The Voice lives inside my head. She – for she is definitely female – is a nasty-minded, over-bearing, soul-destroying harridan. Unlike any other personae in my life, She knows exactly which buttons to push to destroy any possibility of happiness, potential confidence or even simple contentment.  I don’t know where She came from, or when, for I cannot remember a time when The Voice wasn’t there.

The Voice is a bully. The Voice is mean. The Voice is destructive. If I had to spend any time with a human being who spoke to me the way The Voice does, I’d simply have to kill them.  Justifiable homicide.

For example, just the other day I was getting ready to go out. I looked at myself in the mirror and thought, “Hey, I still look good, even at fifty-eight.”

“You need to lose ten pounds. Your belly is round as a beach ball,” said The Voice. “And your teeth are still crooked and you have a bad overbite.  Look at the lines around your eyes, not to mention the bags under them. And your jaw-line has jowls like a mastiff. You sure are getting old. No one likes old women. Your life is over, you know. Finished.  And don’t you think that dress is a little young for you? Who are you kidding walking around in a short skirt.”

“I have good legs,” I answered, my pleasure diminishing and my mood plummeting.

“Oh maybe once you did.” The Voice sneered at me; I could tell by Her tone. “But the flesh isn’t firm anymore and look at those spider veins around your ankle.  Won’t be long before you’ll be wearing support hose like all the other old women. When will you start acting your age? Do you know what a fool you’re making of yourself?”

As rebellious as any adolescent, I wore my short skirt out of sheer spite, but The Voice haunted me and not even the view of my long, well-muscled legs in the glass door nor any number of surreptitious admiring glances could dismiss Her words. Or regain my simple pleasure in my own self.

The Voice is a miserable bitch.

Lately, The Voice has been completely out of control.

As is only natural -- I hope -- I am nervous about the release of my novel, This Bird Flew Away, my first publication in over thirty years, and the lead novel in a series of three. I’m published by Black Rose Writing, an independent publisher, and I’ve worked really hard on the promotion and publicity necessary to get a book out there.  As the time draws near for the book launch my stress mounts.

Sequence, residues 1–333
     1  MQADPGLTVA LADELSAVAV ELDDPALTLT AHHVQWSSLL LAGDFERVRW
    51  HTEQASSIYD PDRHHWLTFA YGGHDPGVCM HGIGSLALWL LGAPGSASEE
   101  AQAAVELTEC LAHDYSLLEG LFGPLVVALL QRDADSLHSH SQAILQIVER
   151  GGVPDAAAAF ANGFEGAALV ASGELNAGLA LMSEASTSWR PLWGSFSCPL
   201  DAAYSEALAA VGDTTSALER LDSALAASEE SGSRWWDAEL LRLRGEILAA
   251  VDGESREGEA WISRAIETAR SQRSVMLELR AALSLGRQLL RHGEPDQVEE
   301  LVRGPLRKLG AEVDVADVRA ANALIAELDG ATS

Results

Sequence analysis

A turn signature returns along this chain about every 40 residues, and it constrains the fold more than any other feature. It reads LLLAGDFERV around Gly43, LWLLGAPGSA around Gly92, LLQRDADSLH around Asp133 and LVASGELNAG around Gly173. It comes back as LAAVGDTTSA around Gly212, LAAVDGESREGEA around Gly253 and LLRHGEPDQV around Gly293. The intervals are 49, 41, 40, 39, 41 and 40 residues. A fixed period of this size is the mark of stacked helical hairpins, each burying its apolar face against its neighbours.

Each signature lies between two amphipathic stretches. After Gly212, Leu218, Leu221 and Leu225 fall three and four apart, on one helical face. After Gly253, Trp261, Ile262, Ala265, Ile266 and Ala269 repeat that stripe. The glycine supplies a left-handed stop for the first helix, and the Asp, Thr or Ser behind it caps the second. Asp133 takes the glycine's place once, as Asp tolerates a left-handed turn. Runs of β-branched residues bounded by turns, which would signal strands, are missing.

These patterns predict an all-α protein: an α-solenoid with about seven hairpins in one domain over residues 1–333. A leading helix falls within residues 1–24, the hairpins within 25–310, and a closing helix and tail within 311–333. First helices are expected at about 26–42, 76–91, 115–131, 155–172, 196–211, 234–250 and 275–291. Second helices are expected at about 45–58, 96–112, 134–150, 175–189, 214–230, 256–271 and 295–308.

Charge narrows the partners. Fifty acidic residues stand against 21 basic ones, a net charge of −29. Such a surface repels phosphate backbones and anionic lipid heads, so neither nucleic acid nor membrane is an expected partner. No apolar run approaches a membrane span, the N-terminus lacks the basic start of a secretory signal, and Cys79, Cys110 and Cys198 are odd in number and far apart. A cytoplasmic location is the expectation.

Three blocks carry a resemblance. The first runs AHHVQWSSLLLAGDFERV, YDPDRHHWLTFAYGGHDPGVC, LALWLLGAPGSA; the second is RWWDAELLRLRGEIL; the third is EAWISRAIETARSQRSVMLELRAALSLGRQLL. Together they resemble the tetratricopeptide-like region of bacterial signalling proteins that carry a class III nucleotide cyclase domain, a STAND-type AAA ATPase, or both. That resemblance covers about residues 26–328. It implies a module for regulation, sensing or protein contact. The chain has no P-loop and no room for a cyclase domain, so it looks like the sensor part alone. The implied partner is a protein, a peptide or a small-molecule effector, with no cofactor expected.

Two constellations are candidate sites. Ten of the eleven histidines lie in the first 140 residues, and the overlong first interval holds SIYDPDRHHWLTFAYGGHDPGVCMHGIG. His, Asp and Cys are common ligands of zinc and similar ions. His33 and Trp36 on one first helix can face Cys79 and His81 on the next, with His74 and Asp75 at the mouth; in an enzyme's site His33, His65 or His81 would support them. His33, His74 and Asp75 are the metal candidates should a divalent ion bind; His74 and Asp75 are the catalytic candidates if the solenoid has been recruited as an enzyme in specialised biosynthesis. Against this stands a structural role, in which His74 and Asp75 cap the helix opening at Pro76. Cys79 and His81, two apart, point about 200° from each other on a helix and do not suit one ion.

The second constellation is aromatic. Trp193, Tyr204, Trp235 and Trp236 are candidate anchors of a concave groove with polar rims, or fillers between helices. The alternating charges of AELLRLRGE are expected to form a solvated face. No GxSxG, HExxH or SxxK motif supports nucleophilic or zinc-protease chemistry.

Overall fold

No one loves my stress as much as The Voice. Sensing my vulnerable state, She moves in for the kill.“You’re going to be a laughing stock, you know. No one’s going to buy this drivel you’ve written.”

“But the reviews have been good,” I argue.

“Who cares about those guys? They’re not the important reviewers.  They wouldn’t even look at a stupid book, published by a small press and written by a nobody.  And don’t forget you are a nobody.”

“I’ve had over one hundred advance readers and they like the book.” 

“What else are they going to say, for crying out loud? You’re such an idiot. Of course they said nice things; they would hardly do otherwise. They all thought it was trash but didn’t want to hurt your feelings. Face the truth for once in your stupid life. No one will read it.”

“The website has had 25,500 visitors in five months. That means people are interested in it.”

The Voice cackles out a mean laugh. “People surfing about the web just stumble on the site. It means nothing. Anyway, I’ll bet that number’s a mistake. The counter is wrong. The proof will come in sales and no one is going to buy it.”

“Yes, they will,” I say, but my heart isn’t in it.

“Hundreds of thousands of books are published every year. For God’s sake, you know the stats. Most of them sell less than one hundred copies. And you think you’re so special, you’ll be the exception. You?”

“I’m not listening to you anymore,” I whine, covering my ears which is a pretty silly thing to do under the circumstances. I repeat my new mantra. “My book is good. It speaks to many people. I did a good job. Lots of people have read it and they like it. It will be a success. I will work hard to make it so. My book is good…”

“Shut up! That won’t work.” The Voice turns up the volume. “You’re a failure. You’ve always been a failure. Remember the time --”

“Go away,” I scream.

“I wish I could,” The Voice shrieks back. “Who wants to share a head with someone like you? But I can’t go away.” 

“Why?” I am ready to beat my head against the wall.

“Because,” says The Voice, “I am you.”

“No. It can't be so.” I want to cry. “Why are You so mean to me?”

“It’s for your own good,” The Voice says in a way that sounds strangely familiar, though I can't tell you why. "I'm only trying to protect you from yourself."

"Oh," I say, wondering if She speaks the truth.

That’s the story of The Voice. She has been my constant companion for the last few weeks. It must be nerves.

That other explanation, the one I ignore? I am losing my mind. There, I’ve said it.